Samurai, sushi, and sake are as Japanese as the Honda (HMC) you may be driving or the Toyota (TM) in your driveway. If you’re a gamer, Sony (SNE), Sega, Nintendo, and Konami (KNM) probably bring back happy memories. But when it comes to Japanese stocks, you may not be smiling from ear to ear.
The Nikkei 225 is a broad equity market index that tracks Japanese stocks. So far in 2015, it has gained nearly 2,000 points over its level at the end of 2014. It touched 20,000 toward the end of April 2015.
The Nikkei 225’s rise
The Nikkei 225’s rise does seem worth a second glance, but not for those who saw the index’s robust levels close to 40,000 in 1989. Yes, it’s been that long. Michael Jackson was still two years away from his album Dangerous under his contract with Sony Music. It was a time when Japanese stocks accounted for ~45% of the world’s market capitalization.
Needless to say, Japanese stocks are nowhere near those levels today. So the question arises: Is investing in Japan worth it?
A look at the facts
In this series, we’ll be looking at some facts from a macro perspective to attempt to arrive at an answer to that question. Let’s start with a few.
The iShares MSCI Japan ETF (EWJ), a popular ETF that invests in Japanese stocks, is up more than 40% in the past three years. Its currency-hedged version, the iShares Currency Hedged MSCI Japan ETF (HEWJ), which was launched in early 2014, is up more than 35% in the past one year.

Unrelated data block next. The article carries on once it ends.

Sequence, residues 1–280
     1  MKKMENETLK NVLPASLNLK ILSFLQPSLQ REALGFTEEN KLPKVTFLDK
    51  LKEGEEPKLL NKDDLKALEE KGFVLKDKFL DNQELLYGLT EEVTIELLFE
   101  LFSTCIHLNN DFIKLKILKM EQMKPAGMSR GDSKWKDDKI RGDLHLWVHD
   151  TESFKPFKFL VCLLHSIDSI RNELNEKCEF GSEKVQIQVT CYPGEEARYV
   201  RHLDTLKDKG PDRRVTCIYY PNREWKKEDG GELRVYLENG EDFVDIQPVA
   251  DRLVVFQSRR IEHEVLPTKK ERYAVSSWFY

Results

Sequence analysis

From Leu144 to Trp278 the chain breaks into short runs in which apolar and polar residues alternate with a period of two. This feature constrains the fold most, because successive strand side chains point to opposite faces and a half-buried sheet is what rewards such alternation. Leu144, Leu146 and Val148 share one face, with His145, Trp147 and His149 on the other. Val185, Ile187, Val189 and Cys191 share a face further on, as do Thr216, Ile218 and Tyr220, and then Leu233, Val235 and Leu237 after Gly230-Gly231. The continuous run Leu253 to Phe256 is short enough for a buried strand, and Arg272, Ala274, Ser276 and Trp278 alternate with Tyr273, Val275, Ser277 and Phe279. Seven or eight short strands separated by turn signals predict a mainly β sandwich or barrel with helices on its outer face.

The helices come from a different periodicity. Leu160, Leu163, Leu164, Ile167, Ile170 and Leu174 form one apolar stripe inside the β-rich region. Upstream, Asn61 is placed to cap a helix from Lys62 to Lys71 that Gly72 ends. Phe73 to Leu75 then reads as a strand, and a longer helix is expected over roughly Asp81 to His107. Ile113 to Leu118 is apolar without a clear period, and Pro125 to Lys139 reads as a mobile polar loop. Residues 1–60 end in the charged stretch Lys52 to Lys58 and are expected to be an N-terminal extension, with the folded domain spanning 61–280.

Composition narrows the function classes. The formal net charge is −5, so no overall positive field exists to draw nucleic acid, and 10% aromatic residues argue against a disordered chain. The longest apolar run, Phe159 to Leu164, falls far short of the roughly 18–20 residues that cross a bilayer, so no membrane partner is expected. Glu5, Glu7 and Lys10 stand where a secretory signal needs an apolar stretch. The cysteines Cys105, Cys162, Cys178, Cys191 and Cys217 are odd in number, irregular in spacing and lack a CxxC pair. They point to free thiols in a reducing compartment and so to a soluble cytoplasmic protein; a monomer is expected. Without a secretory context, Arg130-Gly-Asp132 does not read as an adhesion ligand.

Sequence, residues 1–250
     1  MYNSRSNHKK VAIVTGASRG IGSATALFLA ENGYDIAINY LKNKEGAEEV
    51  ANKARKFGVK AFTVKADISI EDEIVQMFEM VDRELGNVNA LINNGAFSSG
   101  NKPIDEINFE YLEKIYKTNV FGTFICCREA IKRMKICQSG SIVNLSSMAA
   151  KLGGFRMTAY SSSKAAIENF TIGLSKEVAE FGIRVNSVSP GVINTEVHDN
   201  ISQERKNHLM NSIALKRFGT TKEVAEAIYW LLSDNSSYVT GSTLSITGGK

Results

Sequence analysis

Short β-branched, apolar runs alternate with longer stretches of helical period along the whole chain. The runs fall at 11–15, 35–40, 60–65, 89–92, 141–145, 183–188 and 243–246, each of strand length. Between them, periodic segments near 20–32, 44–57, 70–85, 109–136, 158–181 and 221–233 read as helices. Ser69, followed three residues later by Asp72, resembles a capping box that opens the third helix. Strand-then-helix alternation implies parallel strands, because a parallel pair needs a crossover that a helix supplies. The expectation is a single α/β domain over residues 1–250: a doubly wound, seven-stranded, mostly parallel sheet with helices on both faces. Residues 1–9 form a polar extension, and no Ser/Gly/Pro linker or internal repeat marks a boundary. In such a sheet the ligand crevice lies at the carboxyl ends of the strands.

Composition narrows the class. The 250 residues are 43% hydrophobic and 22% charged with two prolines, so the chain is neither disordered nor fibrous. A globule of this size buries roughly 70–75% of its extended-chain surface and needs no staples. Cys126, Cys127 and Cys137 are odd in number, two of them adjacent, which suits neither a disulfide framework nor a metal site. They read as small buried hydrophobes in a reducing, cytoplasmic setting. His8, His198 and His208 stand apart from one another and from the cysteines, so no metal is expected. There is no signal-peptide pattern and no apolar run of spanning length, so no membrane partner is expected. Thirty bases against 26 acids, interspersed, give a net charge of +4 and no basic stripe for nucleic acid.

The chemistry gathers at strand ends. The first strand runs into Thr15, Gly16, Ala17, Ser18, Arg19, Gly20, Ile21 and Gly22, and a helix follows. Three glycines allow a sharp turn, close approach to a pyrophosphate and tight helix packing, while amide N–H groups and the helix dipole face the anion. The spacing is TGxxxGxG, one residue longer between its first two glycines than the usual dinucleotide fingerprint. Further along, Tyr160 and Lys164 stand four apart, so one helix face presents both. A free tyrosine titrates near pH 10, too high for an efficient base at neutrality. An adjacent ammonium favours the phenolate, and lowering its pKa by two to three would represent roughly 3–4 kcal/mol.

Numbers alone don’t mean anything, though. We’ll look into it a little more deeply in the next article.
The Bank of Japan first introduced quantitative easing in March 2001 when it began purchasing Japanese government bonds. This continued until March 2006.
Broadcom (AVGO) stock fell ~8.5% after markets closed yesterday following the semiconductor giant's fiscal 2019 second-quarter earnings release. It missed analysts' revenue estimate and cut its fiscal 2019 revenue guidance by $2 billion to $22.5 billion due to sluggishness in its semiconductor solutions business.
The SPDR Gold Shares ETF (GLD), which tracks physical gold prices, has underperformed the broader markets year-to-date, rising just 4.4% compared to the S&P 500’s (SPY) gain of 15.9% as of June 14. The sentiment for gold, however, has been turning around.
Safe havens such as Treasuries and gold were back in favor on June 14 as stocks fell due to rising tensions in the Middle East, concerns over growth, and the looming threat of the US-China trade war. The tech-heavy Nasdaq Composite Index fell 0.67% in the first hour of trading.
Lululemon (LULU) stock rose 2.1% on June 13 in reaction to better-than-expected first-quarter results and an upgraded outlook for fiscal 2019 overall. The company's first-quarter adjusted EPS grew 34.5% to $0.74 on revenue growth of 20.4% to $782.32 million. Analysts had expected EPS of $0.70 and revenue of $755.31 million. Here's why the outlook got an upgrade.
As of 4:40 AM Eastern Time today, US crude oil active futures were at $51.83, ~4% below their closing level in the previous week. If US crude oil prices stay at those levels today, they'll mark their third week of decline in five weeks.
Kimberly-Clark (KMB) stock has risen 20.5% this year, boosted by the company’s better-than-expected sales and earnings during its last reported quarter. However, its stock could stop climbing. Here's why.